While rubella containing vaccines can cause arthritis, they do not cause lifelong rheumatoid arthritis. So even if you were to be one of the very rare people who developed chronic arthritis after a rubella containing vaccine, a table injury, it would still not be the same thing as rheumatoid arthritis.

“The association between rubella vaccination and chronic arthritis is less clear. Most recently published research, has shown no increased risk of chronic arthropathies among women receiving RA27/3 rubella vaccine and do not support the conclusion of the IOM (Slater et al., 1995; Frenkel et al., 1996; Ray et al., 1997). These studies have included a large retrospective cohort analysis which showed no evidence of any increased risk of new onset chronic arthropathies and a double-blind historical cohort study. One randomised placebo-controlled, double-blind study of rubella vaccination in sero-negative women demonstrated that the frequency of chronic (recurrent) arthralgia or arthritis was marginally increased (1.58 [1.01-2.45], p = 0.042) (Tingle et al., 1997). In 2011, the United States Institute of Medicine (IOM) reviewed available research and concluded that the evidence is inadequate to accept or reject a causal relationship between MMR vaccine and chronic arthralgia in women.”

Information Sheet Observed Rate of Vaccine Reactions Measles, Mumps and Rubella Vaccines

And it wouldn’t even be clear if your chronic arthritis was caused by the vaccine!

“The Table lists and explains injuries and/or conditions that are presumed to be caused by vaccines unless another cause is proven.”

What You Need to Know about the National Vaccine Injury Compensation Program

To be added to the Vaccine Injury Table, there only has to be scientific evidence that a condition could be caused by a vaccine.

“Where there is credible scientific and medical evidence both to support and to reject a proposed change (addition or deletion) to the Table, the change should, whenever possible, be made to the benefit of petitioners.”

Guiding Principles for Recommending Changes to the Vaccine Injury Table

That makes sense, as the NVICP is a “is a no-fault alternative to the traditional legal system for resolving vaccine injury petitions” for VICP-covered vaccines.

Vaccines Covered by the Vaccine Injury Table

Most routinely used vaccines are covered by the Vaccine Injury Table, including vaccines that protect against:

  • diphtheria, tetanus, and pertussis – DTaP, Tdap, Td
  • measles, mumps, and rubella – MMR, ProQuad
  • chickenpox – Varivax, ProQuad
  • polio – IPV, OPV
  • hepatitis B
  • hepatitis A
  • Hib
  • rotavirus
  • pneumococcal disease – Prevnar
  • influenza – seasonal flu vaccines
  • meningococcal disease – MCV4, MenB
  • human papillomavirus – HPV4, HPV9

In fact, “any new vaccine recommended by the Centers for Disease Control and Prevention for routine administration to children, after publication by the Secretary of a notice of coverage” is automatically included, at least for Shoulder Injury Related to Vaccine Administration and vasovagal syncope.

New vaccines are also covered if they are already “under a category of vaccines covered by the VICP.”

Immunizations given to pregnant women are also covered.

A few others, including vaccines that protect against pandemic flu, smallpox, and anthrax are covered by the Countermeasures Injury Compensation Program (CICP).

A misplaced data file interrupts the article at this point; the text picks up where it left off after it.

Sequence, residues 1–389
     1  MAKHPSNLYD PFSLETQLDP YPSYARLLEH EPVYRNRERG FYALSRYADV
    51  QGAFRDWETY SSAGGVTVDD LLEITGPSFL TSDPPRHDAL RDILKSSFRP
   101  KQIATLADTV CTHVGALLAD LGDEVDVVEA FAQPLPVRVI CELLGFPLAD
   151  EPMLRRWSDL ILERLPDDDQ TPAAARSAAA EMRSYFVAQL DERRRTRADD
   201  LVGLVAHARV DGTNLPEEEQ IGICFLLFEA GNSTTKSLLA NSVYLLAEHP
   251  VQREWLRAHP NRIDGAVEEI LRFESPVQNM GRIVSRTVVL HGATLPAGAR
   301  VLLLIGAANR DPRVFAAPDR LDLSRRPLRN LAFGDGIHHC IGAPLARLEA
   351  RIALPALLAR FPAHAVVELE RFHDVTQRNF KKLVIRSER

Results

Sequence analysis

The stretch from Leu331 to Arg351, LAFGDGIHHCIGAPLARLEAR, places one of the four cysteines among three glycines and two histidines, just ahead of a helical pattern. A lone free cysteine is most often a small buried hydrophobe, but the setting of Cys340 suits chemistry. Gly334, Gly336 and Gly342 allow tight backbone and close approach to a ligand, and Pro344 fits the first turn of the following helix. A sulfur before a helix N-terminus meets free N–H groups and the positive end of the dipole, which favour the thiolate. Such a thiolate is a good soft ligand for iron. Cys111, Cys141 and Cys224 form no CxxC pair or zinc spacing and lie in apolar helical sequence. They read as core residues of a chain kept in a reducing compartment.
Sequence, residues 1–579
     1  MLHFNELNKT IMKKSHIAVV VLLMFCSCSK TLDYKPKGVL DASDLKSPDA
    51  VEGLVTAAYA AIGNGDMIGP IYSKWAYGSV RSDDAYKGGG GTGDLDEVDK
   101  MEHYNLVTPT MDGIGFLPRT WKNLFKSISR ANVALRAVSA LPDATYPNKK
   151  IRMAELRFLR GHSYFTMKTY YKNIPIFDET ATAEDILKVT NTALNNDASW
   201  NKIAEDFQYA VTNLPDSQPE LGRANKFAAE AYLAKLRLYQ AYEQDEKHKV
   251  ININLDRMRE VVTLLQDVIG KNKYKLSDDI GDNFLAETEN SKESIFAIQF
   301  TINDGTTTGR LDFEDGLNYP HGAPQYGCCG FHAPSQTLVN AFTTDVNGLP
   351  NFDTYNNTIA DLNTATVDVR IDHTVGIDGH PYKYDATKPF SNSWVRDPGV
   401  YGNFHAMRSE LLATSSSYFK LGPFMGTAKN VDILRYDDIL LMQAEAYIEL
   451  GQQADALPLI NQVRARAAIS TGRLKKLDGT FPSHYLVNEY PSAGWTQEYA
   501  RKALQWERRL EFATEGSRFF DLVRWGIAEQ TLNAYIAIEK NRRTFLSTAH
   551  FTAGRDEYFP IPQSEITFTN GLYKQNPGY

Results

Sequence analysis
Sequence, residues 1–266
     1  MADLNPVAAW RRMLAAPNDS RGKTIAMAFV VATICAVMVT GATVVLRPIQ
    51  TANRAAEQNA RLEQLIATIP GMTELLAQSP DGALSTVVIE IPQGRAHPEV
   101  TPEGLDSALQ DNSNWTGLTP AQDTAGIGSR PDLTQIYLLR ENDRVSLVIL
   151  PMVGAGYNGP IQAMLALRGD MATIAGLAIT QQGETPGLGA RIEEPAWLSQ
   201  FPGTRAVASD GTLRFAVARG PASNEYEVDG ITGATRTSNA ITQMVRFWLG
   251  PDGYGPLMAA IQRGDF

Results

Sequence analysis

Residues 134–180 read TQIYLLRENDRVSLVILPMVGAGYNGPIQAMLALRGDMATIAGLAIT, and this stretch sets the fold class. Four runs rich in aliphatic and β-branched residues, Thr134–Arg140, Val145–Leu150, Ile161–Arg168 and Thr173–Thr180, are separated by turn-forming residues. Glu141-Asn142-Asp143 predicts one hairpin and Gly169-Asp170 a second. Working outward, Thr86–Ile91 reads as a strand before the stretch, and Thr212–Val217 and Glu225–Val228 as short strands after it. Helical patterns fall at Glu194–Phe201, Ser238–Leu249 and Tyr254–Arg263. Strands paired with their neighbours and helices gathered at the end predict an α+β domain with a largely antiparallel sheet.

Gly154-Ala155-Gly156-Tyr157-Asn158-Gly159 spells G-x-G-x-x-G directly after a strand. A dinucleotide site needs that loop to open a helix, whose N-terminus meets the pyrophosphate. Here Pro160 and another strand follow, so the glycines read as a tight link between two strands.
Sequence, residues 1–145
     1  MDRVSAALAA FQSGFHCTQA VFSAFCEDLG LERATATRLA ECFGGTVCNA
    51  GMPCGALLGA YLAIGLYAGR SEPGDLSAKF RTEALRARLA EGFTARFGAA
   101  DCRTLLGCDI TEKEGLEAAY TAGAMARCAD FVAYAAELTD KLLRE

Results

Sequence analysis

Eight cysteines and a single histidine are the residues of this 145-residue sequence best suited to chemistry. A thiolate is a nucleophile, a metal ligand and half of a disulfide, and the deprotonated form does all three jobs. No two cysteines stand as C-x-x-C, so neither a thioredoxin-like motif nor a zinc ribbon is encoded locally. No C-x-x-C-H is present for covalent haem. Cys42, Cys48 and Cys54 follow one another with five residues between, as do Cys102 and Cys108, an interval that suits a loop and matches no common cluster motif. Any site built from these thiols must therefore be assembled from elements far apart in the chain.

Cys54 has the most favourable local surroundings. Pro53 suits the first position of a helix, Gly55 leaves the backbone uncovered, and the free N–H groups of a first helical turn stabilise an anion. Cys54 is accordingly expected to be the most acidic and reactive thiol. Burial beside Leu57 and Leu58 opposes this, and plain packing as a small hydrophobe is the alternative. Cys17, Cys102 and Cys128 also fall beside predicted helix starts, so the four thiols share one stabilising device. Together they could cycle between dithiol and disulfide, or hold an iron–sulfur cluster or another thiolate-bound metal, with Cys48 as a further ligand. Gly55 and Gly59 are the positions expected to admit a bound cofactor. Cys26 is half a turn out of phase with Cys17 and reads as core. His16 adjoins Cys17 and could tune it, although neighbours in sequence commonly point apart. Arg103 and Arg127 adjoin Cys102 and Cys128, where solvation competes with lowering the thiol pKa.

Vaccines Not Covered by the Vaccine Injury Table

What about vaccines that aren’t routine?

Other vaccines that are used in special situations, including vaccines that protect against rabies, yellow fever, Japanese encephalitis, cholera, and typhoid aren’t listed in the Vaccine Injury Table and aren’t covered by the National Vaccine Injury Compensation Program.

Have you seen any TV ads for lawsuits against the shingles vaccine, which isn't in the vaccine injury table.
Have you seen any TV ads for lawsuits against the first shingles vaccine?

Shingles vaccines and the older pneumococcal vaccine, Pneumovax, aren’t covered either.

And since they are not covered by the National Vaccine Injury Compensation Program, there are no restrictions on lawsuits against the manufacturers of these vaccines or the health providers who administer them.

So much for the idea that you can’t sue a vaccine manufacturer or that vaccine manufacturers have no liability for vaccines…

Why weren’t these vaccines covered?

Remember, the NVICP and Vaccine Injury Table were created by the National Childhood Vaccine Injury Act of 1986. The vaccines that aren’t covered are not on the routine childhood immunization schedule.

“There are no age restrictions on who may receive compensation in the VICP. Petitions may be filed on behalf of infants, children and adolescents, or by adults receiving VICP-covered vaccines.”

National Vaccine Injury Compensation Program Frequently Asked Questions

Still, since many of the covered vaccines can be given to adults, they are included, even if some of the vaccines adults routinely get aren’t covered.

Will they ever be covered?

“They found a low liability burden for these vaccines, that serious adverse events were rare, and that no consensus existed among stakeholders. After considering the staff report, NVAC chose, in 1996, not to advise the Department of Health and Human Services to include adult vaccines in VICP.”

Loyd-Puryear et al on Should the vaccine injury compensation program be expanded to cover adults?

Adding more adult vaccines to the Vaccine Injury Compensation Program (VICP) is something that has been looked at in the past, but it wasn’t thought to be necessary.

What to Know About the Vaccine Injury Table

The Vaccine Injury Table is a list of conditions set up to make it easier for people to get compensated from the National Vaccine Injury Compensation Program.

More on Understanding the Vaccine Injury Table